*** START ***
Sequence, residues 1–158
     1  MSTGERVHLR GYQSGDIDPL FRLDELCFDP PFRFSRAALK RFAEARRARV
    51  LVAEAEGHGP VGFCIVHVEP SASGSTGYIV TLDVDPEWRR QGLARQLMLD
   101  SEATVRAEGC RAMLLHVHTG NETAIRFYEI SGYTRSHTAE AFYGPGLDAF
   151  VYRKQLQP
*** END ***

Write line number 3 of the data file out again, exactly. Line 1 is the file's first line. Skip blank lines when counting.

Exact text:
    51  LVAEAEGHGP VGFCIVHVEP SASGSTGYIV TLDVDPEWRR QGLARQLMLD